Quote of the day: “We need a more fluid concept of evidence”
I’ve waited to write more more about the roots of unscience in medical schools and universities, to include what I knew would be a priceless synopsis of his trip to the United States. Professor David Colquhoun of the Dept of Pharmacology at University College in London, recently spoke at the Integrative Medicine at Yale. As covered in-depth here, medical professionals in the UK are actively working to advocate for the safety and welfare of patients and the integrity of science in medicine by exposing quackery.
As readers will remember, Yale joined nearly 40 other top medical schools around the U.S. opening integrative medicine programs and bringing alternative modalities to their medical training and practices. Much of the funding and support for spreading these programs comes from the $250 million a year in federal grants through the NCCAM and National Cancer Institute. (There’s a reason so much flawed research and ideas surround cancer.) Another major source is through private billionaire backers who began the Bravewell Collaborative for Integrative Medicine in 2001, with the goal of integrating alternative modalities into mainstream medicine.
Bravewell was founded by John Mack, the Wall Street tycoon, and is run by his wife. Based in Minneapolis, in just its first 5 years, it had raised $21 million from backers, all of whom had to agree to support Bravewell in every course of action. It has established the Consortium for Academic Health Centers for Integrative Medicine with nearly 40 medical schools now, all readily abandoning science to teach “other ways of knowing” in return for countless millions of dollars. Forbes wrote about one of the those centers, Duke Center for Integrative Medicine, when it opened the fall of 2006 after being financed with a $10 million donation from the C.J. Mack Foundation. As Robert Lenzner reported for Forbes:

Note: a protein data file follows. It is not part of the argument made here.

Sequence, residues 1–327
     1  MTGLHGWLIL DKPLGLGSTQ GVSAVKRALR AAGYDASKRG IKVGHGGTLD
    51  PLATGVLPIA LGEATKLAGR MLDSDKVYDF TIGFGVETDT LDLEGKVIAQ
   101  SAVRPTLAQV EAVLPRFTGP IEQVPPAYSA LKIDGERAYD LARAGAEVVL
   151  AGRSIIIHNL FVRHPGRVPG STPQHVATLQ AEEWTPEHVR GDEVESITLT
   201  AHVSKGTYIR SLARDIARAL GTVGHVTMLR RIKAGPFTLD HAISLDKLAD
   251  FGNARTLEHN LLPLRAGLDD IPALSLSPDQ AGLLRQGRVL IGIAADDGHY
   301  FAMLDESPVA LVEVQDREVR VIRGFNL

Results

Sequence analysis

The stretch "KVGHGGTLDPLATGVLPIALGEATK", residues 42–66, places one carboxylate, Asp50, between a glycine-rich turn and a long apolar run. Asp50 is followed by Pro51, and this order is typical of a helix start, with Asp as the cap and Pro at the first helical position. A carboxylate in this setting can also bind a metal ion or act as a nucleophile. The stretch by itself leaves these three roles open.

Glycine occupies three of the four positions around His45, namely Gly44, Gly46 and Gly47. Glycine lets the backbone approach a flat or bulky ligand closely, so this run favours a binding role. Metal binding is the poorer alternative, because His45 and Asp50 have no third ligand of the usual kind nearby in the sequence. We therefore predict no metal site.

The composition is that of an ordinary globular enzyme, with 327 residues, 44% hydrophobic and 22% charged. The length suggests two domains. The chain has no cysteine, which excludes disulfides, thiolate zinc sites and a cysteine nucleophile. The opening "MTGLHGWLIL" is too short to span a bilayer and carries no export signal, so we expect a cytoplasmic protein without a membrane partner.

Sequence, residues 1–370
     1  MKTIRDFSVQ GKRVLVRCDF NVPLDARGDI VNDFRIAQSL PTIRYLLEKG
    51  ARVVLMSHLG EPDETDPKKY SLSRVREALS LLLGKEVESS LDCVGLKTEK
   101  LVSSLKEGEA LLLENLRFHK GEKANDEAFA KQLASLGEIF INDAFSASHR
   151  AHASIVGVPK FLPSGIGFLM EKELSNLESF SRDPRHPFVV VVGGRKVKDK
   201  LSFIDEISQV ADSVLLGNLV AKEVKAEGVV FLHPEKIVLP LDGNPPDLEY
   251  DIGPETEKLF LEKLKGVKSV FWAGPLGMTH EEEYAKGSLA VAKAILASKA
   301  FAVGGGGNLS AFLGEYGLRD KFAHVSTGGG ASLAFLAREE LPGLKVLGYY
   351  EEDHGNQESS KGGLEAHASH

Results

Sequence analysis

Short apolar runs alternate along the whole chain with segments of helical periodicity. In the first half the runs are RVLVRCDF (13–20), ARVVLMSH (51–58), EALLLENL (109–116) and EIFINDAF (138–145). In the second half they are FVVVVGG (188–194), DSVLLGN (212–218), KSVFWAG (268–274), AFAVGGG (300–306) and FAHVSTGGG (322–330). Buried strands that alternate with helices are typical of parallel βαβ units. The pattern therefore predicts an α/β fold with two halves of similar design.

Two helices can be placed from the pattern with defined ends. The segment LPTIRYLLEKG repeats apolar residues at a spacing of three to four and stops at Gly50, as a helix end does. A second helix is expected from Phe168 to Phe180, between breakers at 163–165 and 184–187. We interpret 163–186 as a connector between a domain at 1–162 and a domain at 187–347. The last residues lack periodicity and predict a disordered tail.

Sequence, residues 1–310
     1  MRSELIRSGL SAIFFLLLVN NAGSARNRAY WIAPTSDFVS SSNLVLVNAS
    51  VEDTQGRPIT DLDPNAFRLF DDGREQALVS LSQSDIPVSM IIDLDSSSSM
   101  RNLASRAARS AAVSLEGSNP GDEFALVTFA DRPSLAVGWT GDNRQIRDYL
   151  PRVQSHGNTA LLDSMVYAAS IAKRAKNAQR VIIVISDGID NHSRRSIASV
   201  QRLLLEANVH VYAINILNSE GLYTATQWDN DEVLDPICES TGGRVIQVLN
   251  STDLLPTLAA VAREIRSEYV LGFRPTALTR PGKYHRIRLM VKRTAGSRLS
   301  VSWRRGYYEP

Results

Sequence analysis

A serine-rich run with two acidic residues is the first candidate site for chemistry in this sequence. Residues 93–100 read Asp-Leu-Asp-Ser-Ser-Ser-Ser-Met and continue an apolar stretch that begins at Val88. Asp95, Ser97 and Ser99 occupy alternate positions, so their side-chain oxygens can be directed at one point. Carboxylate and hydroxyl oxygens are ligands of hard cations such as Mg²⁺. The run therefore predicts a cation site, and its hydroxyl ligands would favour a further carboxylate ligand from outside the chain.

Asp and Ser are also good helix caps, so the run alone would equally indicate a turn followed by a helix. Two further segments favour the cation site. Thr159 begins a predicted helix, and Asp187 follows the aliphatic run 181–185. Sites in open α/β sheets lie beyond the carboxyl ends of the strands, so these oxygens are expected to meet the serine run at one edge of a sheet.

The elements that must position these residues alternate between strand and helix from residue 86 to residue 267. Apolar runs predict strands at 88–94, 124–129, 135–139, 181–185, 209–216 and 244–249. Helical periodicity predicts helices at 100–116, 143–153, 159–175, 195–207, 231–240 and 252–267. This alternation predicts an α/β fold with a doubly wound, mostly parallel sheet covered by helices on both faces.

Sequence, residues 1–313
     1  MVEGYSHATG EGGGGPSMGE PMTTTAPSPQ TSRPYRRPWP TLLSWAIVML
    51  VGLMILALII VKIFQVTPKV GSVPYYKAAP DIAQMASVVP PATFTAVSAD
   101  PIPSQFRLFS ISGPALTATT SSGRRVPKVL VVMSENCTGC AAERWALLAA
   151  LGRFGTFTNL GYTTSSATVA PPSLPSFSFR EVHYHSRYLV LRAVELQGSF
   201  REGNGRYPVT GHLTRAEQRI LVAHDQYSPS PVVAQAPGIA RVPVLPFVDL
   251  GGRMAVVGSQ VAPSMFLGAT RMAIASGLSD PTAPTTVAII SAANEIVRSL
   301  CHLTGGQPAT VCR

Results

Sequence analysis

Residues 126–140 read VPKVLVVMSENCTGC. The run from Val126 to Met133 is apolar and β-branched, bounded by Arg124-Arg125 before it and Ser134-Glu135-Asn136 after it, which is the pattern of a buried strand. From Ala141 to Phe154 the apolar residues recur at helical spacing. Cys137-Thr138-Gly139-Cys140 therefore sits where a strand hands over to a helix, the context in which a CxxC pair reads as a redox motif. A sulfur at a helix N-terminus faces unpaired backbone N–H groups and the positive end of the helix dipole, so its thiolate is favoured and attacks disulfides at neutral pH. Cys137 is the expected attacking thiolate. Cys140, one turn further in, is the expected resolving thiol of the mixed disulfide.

The Macks, along with other Bravewell members, also raised money for the PBS special this year, "The New Medicine," which featured the use of hypnosis and guided imagery as techniques to reduce pain and help ill people lead active lives. The special won the Freddie Award for Health and Science Media in the area of health and wellness.
Bravewell is aiming its proselytizing guns at university medical centers, attempting to promote the construction of integrative health facilities. It funded the development of the curricula on the topic for medical schools and trains 30 doctors a year in integrative medicine at a cost of $30,000 per doctor, using the works of Andrew Weil, a best-selling author and guru in the wellness field. And it gives a biannual $100,000 prize to recipients of its Bravewell Leadership Award, given to doctor who have made a big impact within the field.
Bravewell has also recently set up its own BraveNet (Bravewell Integrative Medicine Research Network) with 8 of those university integrative medical centers, to increase knowledge about alternative modalities and their “evidence-base.”
One of the most revealing parts of professor Colquhoun’s talk was his coverage of the recent Integrative Medicine Scientific Symposium at Yale [JFS background here; YouTube video here] where Dr. David Katz, the founder and direct of the integrative program, spoke. Do listen to professor Colquhuon’s tape of Dr. Katz’ talk as he describes randomized clinical trials of vitamins for fibromyalgia, homeopathy for ADHD, coenzyme-Q10 and carbetalol for heart disease, phytoestrogens, yoga, acupuncture, and others that all found no demonstration of clinical efficacy using the most credible clinical evidence. We know the evidence on antioxidants also shows them to be ineffective, said Dr. Katz, but “we need to think more fluidly about evidence.” He repeated this idea several times. As Colquhoun reports today:
Pretty remarkable uh? Dr Katz goes through several different trials, all of which come out negative. And what is his conclusion? You guessed. His conclusion is not that the treatments don’t work but that we need a “more fluid concept of evidence” ...